“Our venue had more than 300 people attend our free TheatreROCS Showcase,” reports TheatreROCS Stage Fringe Venue Manager Kerry Young.  “We also noticed an increase in solid, original works emerging from both local artists and folks from out of town who are finding the festival. It’s really exciting!”  

Venues reported the following sold-out shows: Don’t Go Drinking on an Empty Heart (Bernunzio Uptown Music); The 24 Hour Plays, Left for Dead Improv, Erik and the WolfHeart and Soul: Medicine and Life (Writers & Books); Shitty Lives, Stages of the Game Teen Improv, Triple Entendre (MuCCC); H | Histories (Eastman School of Music, Sproull Atrium); Merged III, Beautiful Dreamer (Stephen Foster Tells His Own Story) (Geva Theatre Center Fielding Stage); ShakesBLOOD (Abilene); Percentage (RAPA at SOTA); and Shenanigans with Shero (Blackfriars).

“Rochester’s Fringe Festival is our mirror,” summed up Democrat and Chronicle arts reporter, Jeff Spevak, who performed in the aforementioned Don’t Go Drinking on an Empty Heart.

The Spiegelgarden – the outdoor lounge at One Fringe Place – offered free entertainment including Pedestrian Drive-In, giant games, and First Niagara’s interactive 3D-art piece (in honor of Sam Patch’s tragic walk across High Falls on a tite rope). Gibbs Street – closed to traffic for two weekends this year (Saturday and Sunday, Sept. 19 & 20; and Friday and Saturday, Sept. 25 & 26) – hosted even more free events, including Street Chalk Art and 25 of the area’s most popular acts, including Teagan & the Tweeds, the Tommy Brunett Band, and Prime Time Funk

Rochester Fringe Festival, a non-profit organization, is run by a board of directors made up of representatives from local arts and cultural institutions, universities and businesses.

“The board is just as excited as everyone else by the way this festival is maturing,” remarks Board Chair Justin L. Vigdor. “As community support for Fringe continues to grow, we look forward to becoming even more inventive, inspiring and international.” 

*Attendance figures are based on modern crowd estimation techniques using a standardized formula (based on the work of Drs. Herbert Jacobs, Ray Watson and Paul Yip: area divided by crowd density) as well as by venue counts and ticket sales, and are deemed accurate within 10%, plus or minus.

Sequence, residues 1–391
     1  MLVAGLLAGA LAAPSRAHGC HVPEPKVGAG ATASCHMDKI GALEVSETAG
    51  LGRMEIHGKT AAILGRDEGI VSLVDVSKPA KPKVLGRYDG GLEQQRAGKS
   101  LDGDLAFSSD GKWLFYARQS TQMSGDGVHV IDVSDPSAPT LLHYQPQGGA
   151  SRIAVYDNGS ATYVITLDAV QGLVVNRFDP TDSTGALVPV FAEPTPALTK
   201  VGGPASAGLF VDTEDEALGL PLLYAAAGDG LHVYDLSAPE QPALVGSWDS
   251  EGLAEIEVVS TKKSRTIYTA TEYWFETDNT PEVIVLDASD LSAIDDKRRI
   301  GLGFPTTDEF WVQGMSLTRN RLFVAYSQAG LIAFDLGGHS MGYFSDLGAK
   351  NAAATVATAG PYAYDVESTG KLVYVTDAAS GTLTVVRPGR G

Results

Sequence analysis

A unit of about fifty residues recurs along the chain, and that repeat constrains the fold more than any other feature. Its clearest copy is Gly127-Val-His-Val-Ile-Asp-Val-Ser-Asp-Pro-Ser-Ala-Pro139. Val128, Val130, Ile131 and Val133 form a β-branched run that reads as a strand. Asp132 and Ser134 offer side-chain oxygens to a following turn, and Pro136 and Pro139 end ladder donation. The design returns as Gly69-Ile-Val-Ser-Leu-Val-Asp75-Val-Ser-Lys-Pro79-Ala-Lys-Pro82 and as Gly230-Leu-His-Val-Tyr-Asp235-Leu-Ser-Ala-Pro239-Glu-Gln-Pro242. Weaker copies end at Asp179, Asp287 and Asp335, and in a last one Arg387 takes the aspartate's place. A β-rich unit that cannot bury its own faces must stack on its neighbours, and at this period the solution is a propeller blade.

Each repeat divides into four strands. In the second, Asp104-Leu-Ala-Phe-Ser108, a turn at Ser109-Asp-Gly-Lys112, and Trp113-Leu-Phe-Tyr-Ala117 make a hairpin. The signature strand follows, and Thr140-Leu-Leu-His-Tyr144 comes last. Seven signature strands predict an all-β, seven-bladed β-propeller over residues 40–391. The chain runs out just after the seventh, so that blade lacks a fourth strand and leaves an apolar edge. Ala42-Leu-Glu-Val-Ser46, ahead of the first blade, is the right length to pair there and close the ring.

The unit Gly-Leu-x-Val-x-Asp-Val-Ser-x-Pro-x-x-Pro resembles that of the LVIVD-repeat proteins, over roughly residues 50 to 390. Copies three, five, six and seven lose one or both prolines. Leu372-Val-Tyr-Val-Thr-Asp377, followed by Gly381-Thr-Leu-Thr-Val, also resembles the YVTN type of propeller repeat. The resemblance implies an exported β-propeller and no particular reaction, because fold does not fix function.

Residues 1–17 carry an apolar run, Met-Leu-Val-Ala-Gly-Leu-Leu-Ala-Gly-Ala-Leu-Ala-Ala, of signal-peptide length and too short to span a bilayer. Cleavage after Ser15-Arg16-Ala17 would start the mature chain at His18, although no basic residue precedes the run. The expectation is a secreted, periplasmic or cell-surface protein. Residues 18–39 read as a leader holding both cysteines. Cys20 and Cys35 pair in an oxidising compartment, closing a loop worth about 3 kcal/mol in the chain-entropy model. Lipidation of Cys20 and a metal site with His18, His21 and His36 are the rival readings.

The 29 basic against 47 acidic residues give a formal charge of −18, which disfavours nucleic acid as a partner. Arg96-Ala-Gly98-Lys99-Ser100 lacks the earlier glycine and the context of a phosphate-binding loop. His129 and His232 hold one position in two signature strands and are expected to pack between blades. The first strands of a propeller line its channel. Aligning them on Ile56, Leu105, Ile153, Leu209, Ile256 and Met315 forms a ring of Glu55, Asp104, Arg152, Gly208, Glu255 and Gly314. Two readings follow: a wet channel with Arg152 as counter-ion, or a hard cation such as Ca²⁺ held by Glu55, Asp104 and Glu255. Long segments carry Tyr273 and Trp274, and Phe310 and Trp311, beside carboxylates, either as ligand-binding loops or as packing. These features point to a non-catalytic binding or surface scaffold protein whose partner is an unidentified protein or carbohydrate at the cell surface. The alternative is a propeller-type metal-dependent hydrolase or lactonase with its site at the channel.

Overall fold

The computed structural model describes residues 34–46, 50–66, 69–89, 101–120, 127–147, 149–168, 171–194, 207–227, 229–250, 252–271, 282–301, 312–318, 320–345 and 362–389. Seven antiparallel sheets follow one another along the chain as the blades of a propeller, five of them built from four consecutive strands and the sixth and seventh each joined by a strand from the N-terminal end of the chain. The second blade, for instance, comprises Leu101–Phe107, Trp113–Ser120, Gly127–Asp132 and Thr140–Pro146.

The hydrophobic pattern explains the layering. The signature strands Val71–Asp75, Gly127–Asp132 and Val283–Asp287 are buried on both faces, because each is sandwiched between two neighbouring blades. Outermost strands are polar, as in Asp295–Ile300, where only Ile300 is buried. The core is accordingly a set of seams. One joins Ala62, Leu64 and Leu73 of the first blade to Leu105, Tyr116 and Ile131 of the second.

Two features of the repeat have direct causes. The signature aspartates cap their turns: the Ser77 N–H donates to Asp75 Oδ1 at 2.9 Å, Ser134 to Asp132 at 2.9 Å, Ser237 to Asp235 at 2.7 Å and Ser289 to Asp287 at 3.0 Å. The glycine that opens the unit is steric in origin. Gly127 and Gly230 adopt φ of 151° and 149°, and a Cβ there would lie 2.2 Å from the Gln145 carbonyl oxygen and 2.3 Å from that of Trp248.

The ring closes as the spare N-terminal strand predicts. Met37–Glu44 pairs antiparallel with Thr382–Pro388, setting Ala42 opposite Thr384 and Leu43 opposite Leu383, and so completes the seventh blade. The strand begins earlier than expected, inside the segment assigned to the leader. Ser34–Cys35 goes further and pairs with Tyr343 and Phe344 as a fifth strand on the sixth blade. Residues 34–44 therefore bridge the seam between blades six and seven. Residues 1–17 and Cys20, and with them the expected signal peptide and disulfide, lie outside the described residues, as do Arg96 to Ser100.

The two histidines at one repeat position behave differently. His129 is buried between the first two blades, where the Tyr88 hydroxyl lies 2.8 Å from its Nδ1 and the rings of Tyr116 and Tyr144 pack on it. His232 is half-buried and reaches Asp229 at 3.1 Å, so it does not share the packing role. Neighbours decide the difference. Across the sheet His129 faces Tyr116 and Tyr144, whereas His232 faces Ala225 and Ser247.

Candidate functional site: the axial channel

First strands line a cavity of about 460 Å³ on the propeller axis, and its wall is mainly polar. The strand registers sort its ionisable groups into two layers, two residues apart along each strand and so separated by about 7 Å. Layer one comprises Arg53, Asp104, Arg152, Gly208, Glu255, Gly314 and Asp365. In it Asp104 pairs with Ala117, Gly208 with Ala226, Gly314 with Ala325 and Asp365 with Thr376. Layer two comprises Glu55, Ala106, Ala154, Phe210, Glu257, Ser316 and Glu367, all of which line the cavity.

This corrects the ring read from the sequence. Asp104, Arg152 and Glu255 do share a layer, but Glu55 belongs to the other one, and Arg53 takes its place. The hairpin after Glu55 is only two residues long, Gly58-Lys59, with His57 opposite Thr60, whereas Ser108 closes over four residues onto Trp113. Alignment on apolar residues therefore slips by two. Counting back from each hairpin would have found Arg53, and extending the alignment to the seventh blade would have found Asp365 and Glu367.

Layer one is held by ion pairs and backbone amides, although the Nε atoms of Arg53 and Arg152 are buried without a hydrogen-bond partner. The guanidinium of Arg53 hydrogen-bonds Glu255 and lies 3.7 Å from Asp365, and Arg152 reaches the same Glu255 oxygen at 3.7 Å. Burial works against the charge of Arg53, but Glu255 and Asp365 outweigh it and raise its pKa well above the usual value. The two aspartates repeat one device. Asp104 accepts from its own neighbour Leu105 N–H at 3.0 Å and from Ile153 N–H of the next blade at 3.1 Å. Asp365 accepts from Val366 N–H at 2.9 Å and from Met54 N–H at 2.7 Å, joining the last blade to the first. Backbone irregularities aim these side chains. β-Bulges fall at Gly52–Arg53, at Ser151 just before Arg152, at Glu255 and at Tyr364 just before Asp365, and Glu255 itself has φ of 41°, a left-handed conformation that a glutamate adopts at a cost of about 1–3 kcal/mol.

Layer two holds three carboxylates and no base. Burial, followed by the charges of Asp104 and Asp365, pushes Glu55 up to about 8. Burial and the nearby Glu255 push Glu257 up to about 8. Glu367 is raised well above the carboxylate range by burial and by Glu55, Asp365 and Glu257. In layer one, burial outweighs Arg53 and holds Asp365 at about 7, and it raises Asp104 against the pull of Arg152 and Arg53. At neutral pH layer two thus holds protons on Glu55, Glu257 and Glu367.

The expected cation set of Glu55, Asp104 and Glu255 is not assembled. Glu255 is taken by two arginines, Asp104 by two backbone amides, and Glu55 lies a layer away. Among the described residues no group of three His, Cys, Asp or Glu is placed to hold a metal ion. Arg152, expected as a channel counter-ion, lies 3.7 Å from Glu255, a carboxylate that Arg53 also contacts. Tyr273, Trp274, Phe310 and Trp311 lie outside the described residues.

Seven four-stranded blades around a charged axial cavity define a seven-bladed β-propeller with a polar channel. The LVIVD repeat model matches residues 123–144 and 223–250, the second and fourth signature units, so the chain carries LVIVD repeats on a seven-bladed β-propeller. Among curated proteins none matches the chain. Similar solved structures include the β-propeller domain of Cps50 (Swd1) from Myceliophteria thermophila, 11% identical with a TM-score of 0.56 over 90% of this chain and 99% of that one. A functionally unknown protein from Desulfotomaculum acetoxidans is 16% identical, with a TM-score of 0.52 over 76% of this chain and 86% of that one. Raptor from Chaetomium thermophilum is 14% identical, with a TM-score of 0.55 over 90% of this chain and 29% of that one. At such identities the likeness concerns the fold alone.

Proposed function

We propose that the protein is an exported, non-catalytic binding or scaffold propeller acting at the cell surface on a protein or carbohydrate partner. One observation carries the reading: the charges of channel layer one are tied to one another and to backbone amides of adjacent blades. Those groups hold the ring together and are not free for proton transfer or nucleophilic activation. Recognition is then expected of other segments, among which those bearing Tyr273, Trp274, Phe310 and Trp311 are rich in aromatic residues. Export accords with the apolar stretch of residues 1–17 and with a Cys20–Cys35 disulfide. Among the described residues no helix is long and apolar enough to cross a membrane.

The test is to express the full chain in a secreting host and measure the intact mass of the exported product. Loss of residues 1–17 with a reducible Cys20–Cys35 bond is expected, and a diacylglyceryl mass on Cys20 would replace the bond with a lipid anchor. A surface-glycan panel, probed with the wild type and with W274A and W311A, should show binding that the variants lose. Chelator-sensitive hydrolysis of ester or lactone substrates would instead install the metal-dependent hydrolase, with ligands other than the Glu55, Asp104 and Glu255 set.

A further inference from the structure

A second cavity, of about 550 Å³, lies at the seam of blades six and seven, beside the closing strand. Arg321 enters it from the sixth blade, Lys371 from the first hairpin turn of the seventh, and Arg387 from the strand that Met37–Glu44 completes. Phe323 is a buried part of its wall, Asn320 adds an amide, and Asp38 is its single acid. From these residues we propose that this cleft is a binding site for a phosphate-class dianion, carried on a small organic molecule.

Background: The 10-day, 2015 First Niagara Rochester Fringe Festival took place from Thursday, Sept. 17 – Saturday, Sept. 26 with more than 500 shows and events at 25+ venues all over downtown Rochester’s East End, 120 of which were absolutely free. From 33,000 attendees at its debut in 2012 to more than 63,000 at this year’s Fringe, this multi-genre, multi-venue arts festival became one of the most-attended fringe festivals in the country in only its second year (2013) with 50,000 visitors.

Rochester Fringe Festival is a not-for-profit, 501(c)(3) corporation that exists as a means to connect venues, performers, artists, educational institutions and the audience. It was pioneered by several of Rochester’s esteemed cultural institutions, including Geva Theatre Center, the George Eastman House and Garth Fagan Dance, as well as up-and-coming groups like PUSH Physical Theatre and Method Machine. The Board of Directors includes representatives from the University of Rochester, Rochester Institute of Technology, Bond Schoeneck & King PLLC, Boylan Code LLC, the Eastman School of Music, Mengel, Metzger and Barr & Co. LLP, Method Machine, PUSH Physical Theatre, and Writers & Books. The Rochester Fringe Festival is made possible by the New York State Council on the Arts with the support of Governor Andrew M. Cuomo and the New York State Legislature. This festival is also supported by a grant awarded to the Rochester Fringe Festival by New York State’s Empire State Development and the I LOVE NY  / NYS Division of Tourism under Governor Andrew M. Cuomo’s Regional Economic Development Council Initiative.

2015 Fringe Sponsors include: First Niagara, I LOVE NY , the New York State Council on the Arts, Governor Andrew M. Cuomo, and the New York State Legislature, University of Rochester, RIT, Ames Amzalak Memorial Trust, Rochester Area Community Foundation, Waldron Rise Foundation, the Elaine U. & Richard P. Wilson Foundation, City of Rochester, Monroe County,

Bond, Schoeneck & King PLLC, Boylan Code LLC, Mengel Metzger Barr LLC,  Wegmans, Nocon & Associates, Mary Mulligan Trust, Ronald Fielding, SUNY Geneseo, The Pike Company, East Avenue Inn & Suites, CITY Newspaper, 10 NBC , Democrat & Chronicle, Broccolo Tree & Lawncare, McCarthy Tents & Events, Scott Grove, C.P. Ward, Buckingham Properties, Dundee, Heineken, Nazareth College, SUNY Brockport, Fred & Floy Willmott Foundation, Louis S. & Molly B. Wolk Foundation, Konar Enterprises, VisitRochester, House of Guitars, The Rubens Family Foundation, City Blue, Yelp!, WXXI, Gallina Development, G.H. Cretors Popped Corn, Benderson, Hamilton AV, Rural Metro, Kids Out and About – Kids’ Media Partner, ESL Foundation, Wilson Foundation, Midtown Athletic, YMCA, Gouvernet Fund at the Rochester Area Community Foundation and others.

First Niagara, through its wholly owned subsidiary, First Niagara Bank, N.A., is a multi-state community-oriented bank with approximately 410 branches, $39 billion in assets, $28 billion in deposits, and approximately 5,600 employees providing financial services to individuals, families and businesses across New York, Pennsylvania, Connecticut and Massachusetts. For additional information on First Niagara, visit us at, follow us on Twitter @FirstNiagara, or like us on Facebook at FirstNiagaraBank.